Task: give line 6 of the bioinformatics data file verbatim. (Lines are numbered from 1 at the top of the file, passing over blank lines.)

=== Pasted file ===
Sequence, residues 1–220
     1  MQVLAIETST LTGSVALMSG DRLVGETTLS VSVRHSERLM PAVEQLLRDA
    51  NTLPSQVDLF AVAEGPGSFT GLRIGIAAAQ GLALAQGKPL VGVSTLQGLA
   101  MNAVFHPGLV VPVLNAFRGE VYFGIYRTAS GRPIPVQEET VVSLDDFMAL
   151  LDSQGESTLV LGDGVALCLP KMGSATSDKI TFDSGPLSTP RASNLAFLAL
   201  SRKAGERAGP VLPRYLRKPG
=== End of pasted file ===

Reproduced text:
   201  SRKAGERAGP VLPRYLRKPG